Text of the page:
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Biden leads the Democratic pack in new 2020 poll, followed by Sanders and O'Rourke

Former Vice President Joe Biden is out front in a poll by Quinnipiac University out Thursday, with 29% of Democrats and Democratic-leaning voters saying they...

Posted: Mar 28, 2019 5:50 AM

Former Vice President Joe Biden is out front in a poll by Quinnipiac University out Thursday, with 29% of Democrats and Democratic-leaning voters saying they'll vote for him in the 2020 primary if he runs.

Biden is contemplating a campaign for the White House in 2020, and there is speculation that he is close to entering the presidential field.

He is followed by Vermont Sen. Bernie Sanders (19%), former Texas Rep. Beto O'Rourke (12%), and Sen. Kamala Harris (8%), according to the Quinnipiac poll.

"Hungry for a candidate to take on President Donald Trump, Democrats and Democratic leaners put the three B's, Biden, Bernie and Beto, at the top in a race where age, race and gender take a back seat to electability and shared views," said Tim Malloy, assistant director of the Quinnipiac University Poll.

Others such as Sen. Elizabeth Warren (4%), South Bend Mayor Pete Buttigieg (4%), New Jersey Sen. Cory Booker (2%), and Minnesota Sen. Amy Klobuchar (2%) got above the 1% mark.

Buttigieg's rise is notable, beating his high of 1% in past polling. His supporters tend to be more liberal -- 9% of those who identify as "very liberal" said they'd support him, according to the poll.

Democrats and Democratic-leaners preferred a younger candidate -- 39% said they want a younger nominee, compared to 21% who wanted an older candidate. A little more than a third said it didn't matter. Only 27% said it was an important factor in their vote in the Democratic primary.

Many more Democratic voters said it didn't matter if the candidate was a man or a woman -- 10% of Democrats and Democratic-leaners said they preferred a man, 26% said they preferred a woman and 59% said it didn't matter -- or if they were white or a person of color (4% preferred a white candidate, 20% preferred a person of color being the nominee, and 69% said it didn't matter).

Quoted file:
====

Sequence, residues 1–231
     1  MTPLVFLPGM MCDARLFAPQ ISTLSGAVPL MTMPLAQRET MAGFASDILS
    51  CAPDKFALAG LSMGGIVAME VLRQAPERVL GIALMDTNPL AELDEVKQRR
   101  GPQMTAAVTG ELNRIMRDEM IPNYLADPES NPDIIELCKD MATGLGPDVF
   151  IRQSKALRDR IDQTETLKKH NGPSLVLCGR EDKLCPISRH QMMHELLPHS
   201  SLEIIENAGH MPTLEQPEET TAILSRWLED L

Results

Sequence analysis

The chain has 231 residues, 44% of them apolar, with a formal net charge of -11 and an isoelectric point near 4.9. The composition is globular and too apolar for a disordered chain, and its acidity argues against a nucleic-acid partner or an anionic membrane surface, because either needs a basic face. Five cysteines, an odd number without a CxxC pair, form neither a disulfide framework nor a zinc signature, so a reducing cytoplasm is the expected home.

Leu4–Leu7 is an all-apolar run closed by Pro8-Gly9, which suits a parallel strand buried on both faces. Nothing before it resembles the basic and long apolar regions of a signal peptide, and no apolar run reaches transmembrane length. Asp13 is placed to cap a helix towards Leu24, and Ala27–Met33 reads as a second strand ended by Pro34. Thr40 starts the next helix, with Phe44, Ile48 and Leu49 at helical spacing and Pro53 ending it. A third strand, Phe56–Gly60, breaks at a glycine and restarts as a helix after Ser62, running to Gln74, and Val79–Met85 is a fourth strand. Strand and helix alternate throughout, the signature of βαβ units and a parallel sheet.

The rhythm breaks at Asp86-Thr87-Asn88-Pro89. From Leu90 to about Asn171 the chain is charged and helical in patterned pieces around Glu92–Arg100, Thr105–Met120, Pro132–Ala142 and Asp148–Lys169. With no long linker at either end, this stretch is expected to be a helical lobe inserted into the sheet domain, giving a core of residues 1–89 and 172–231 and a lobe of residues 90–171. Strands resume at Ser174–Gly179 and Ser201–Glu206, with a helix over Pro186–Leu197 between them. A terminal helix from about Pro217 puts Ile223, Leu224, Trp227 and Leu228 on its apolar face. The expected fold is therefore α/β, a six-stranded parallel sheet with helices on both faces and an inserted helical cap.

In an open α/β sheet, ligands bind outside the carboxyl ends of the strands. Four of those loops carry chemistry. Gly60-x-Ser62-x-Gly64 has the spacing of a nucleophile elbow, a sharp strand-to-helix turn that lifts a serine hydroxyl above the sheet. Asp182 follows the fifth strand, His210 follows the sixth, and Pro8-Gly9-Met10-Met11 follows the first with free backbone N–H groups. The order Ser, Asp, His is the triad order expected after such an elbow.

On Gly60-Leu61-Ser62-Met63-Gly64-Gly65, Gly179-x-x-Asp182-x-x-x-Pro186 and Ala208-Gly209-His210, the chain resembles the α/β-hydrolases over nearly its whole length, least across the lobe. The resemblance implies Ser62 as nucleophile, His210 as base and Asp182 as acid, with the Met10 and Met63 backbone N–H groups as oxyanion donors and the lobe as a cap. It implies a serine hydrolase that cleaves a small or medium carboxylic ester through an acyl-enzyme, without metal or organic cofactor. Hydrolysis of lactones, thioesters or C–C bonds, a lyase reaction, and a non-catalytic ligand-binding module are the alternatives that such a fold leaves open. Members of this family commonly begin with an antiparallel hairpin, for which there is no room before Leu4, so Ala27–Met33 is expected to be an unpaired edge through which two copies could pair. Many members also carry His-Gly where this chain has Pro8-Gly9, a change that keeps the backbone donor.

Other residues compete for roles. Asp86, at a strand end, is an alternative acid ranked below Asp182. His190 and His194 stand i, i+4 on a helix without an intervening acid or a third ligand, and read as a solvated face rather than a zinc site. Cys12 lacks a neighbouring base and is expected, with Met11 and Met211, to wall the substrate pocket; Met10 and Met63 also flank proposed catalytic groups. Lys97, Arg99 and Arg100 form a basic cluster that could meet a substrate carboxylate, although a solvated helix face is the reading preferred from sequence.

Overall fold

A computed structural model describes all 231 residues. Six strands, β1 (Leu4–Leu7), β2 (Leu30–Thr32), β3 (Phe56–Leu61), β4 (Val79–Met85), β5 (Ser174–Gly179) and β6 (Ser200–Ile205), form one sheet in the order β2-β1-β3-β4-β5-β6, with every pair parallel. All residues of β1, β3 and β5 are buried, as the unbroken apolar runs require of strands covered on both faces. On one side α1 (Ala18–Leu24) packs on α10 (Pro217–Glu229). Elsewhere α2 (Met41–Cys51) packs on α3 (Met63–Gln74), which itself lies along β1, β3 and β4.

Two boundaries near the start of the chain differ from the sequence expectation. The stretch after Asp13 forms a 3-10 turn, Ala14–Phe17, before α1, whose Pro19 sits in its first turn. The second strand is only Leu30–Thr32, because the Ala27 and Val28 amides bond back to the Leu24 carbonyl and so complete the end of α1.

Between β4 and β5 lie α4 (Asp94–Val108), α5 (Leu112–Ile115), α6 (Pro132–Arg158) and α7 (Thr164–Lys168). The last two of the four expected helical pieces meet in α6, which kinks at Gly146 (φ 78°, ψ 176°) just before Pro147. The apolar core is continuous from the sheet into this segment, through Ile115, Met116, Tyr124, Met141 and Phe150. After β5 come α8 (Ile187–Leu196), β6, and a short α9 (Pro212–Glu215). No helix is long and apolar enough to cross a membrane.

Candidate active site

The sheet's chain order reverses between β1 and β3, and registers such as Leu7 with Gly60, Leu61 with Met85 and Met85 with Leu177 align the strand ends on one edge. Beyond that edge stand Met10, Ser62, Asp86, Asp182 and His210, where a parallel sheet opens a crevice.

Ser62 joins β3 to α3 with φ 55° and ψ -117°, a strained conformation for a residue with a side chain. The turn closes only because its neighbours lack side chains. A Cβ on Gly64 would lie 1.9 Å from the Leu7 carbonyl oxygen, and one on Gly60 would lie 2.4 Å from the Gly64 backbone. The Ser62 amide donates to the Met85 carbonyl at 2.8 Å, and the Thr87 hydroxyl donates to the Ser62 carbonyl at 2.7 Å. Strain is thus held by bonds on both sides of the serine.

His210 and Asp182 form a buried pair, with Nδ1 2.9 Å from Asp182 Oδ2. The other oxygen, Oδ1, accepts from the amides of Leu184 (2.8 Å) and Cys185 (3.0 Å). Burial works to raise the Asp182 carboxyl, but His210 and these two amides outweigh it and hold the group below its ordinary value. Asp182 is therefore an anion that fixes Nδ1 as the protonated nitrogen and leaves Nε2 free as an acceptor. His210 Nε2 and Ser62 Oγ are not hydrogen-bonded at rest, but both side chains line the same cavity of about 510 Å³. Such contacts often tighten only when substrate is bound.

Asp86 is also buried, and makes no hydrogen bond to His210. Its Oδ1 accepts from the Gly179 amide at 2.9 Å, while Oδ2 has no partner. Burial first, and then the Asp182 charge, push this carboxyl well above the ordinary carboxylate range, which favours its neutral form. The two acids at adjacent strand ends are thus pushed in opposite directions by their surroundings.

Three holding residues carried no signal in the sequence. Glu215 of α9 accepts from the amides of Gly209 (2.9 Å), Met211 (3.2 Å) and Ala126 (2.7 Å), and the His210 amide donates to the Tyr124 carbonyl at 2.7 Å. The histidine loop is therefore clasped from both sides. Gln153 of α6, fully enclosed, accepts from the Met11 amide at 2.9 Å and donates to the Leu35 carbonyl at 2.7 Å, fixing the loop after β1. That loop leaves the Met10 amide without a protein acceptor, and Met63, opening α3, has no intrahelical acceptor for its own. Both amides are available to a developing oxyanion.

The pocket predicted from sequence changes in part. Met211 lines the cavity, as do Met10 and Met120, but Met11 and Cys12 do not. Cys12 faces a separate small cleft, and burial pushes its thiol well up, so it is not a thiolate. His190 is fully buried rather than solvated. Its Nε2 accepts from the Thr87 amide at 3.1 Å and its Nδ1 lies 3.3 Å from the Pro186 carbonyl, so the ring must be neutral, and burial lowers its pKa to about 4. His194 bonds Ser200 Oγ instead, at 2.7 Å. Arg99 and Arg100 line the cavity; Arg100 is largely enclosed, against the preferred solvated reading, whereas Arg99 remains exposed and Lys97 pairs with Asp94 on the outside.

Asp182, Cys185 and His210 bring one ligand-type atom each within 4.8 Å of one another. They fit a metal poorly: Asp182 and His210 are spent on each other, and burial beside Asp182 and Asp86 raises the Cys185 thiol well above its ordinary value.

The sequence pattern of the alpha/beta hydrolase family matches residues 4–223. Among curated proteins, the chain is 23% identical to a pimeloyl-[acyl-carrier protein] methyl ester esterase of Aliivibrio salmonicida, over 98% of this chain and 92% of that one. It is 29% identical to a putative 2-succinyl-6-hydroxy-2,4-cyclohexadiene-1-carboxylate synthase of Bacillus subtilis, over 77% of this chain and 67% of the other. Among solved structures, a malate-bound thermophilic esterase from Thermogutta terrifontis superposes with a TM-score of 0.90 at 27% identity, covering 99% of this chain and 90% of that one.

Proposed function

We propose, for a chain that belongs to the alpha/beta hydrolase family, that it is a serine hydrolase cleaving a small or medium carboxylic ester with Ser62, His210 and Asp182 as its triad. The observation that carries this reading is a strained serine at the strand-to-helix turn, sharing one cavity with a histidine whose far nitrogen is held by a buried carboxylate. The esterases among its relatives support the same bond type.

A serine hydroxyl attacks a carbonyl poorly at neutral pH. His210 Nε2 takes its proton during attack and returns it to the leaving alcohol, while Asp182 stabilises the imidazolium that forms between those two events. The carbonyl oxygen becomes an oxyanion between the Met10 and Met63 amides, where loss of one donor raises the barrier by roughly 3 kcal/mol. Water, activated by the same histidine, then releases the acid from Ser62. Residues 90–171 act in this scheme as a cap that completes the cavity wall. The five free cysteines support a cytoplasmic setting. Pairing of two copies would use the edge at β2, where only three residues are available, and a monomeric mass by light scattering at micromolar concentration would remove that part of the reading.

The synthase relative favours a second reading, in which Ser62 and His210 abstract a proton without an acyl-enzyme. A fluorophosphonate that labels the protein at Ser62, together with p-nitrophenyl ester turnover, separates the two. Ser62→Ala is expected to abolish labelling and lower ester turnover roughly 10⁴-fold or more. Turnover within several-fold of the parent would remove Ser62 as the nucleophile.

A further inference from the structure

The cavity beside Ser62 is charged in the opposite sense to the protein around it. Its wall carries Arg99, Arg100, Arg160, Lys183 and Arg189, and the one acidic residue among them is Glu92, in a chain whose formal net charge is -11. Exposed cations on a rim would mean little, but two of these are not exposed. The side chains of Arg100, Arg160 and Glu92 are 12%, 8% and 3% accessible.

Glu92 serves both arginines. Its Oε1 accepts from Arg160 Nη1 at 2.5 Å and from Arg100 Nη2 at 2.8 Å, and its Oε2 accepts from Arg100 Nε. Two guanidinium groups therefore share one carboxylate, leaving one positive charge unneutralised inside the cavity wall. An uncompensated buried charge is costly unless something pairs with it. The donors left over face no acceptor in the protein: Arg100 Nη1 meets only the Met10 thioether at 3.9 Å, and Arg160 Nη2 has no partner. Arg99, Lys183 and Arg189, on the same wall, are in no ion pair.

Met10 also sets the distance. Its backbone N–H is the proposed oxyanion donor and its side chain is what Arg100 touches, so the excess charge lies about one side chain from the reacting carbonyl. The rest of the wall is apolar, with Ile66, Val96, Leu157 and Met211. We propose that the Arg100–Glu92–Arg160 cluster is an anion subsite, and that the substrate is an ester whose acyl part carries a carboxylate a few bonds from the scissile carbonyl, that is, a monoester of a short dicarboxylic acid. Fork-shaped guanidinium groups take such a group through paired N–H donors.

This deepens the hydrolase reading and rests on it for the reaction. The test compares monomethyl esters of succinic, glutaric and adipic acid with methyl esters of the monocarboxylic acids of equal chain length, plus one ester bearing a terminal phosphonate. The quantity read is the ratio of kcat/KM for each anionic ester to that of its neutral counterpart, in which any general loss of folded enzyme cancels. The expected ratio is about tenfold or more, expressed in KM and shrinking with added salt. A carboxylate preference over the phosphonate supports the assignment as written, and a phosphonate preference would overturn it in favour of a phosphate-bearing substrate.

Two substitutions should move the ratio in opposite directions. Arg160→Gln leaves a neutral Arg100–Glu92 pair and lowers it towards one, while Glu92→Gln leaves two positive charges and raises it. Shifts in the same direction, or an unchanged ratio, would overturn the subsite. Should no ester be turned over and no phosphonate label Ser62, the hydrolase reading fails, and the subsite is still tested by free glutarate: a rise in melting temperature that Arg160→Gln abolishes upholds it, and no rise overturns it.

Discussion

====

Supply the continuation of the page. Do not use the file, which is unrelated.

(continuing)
Significantly fewer voters said that gender and race were important factors in their votes (12% and 13% respectively).

But Democratic voters were divided when it came to their candidate's ideology. Almost half (49%) preferred a candidate that is a progressive and slightly fewer (44%) want a candidate who is moderate. A whopping 72% said political ideology is an important factor to their vote.

A majority do want a candidate who would work with the Republicans (52%) as opposed to standing up to them (39%). But when asked if bipartisanship and standing up to Republicans are important factors in their votes, 67% said yes to bipartisanship and 71% said yes to standing up to Republicans.

Slightly more Democrats and Democratic-leaning independent voters prefer a candidate that most shares their views on issues (51%) versus one that is the most electable (45%), but broad majorities call both of those things important factors in their vote: 87% on shares issue positions and 76% on electability.

Over half of registered voters said they will definitely not vote for President Donald Trump and 30% said they definitely will. Thirteen percent were in the middle and said they'd consider voting for him. Democrats are more unified against the President (95% say they definitely won't vote for him) than Republicans are in support of him (77% say they'll definitely vote for him).

Most Republicans and Republican-leaners said they don't want someone else to run against Trump in the Republicans primary (56%).

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